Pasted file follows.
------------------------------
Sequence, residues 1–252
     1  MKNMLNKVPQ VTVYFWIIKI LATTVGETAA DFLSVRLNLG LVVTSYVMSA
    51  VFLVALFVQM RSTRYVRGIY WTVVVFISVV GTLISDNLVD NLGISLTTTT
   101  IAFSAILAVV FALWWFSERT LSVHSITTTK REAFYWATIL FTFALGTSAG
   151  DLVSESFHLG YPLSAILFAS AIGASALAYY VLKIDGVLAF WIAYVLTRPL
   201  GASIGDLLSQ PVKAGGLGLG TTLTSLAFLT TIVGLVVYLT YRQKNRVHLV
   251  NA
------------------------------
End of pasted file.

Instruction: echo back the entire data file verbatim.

Sequence, residues 1–252
     1  MKNMLNKVPQ VTVYFWIIKI LATTVGETAA DFLSVRLNLG LVVTSYVMSA
    51  VFLVALFVQM RSTRYVRGIY WTVVVFISVV GTLISDNLVD NLGISLTTTT
   101  IAFSAILAVV FALWWFSERT LSVHSITTTK REAFYWATIL FTFALGTSAG
   151  DLVSESFHLG YPLSAILFAS AIGASALAYY VLKIDGVLAF WIAYVLTRPL
   201  GASIGDLLSQ PVKAGGLGLG TTLTSLAFLT TIVGLVVYLT YRQKNRVHLV
   251  NA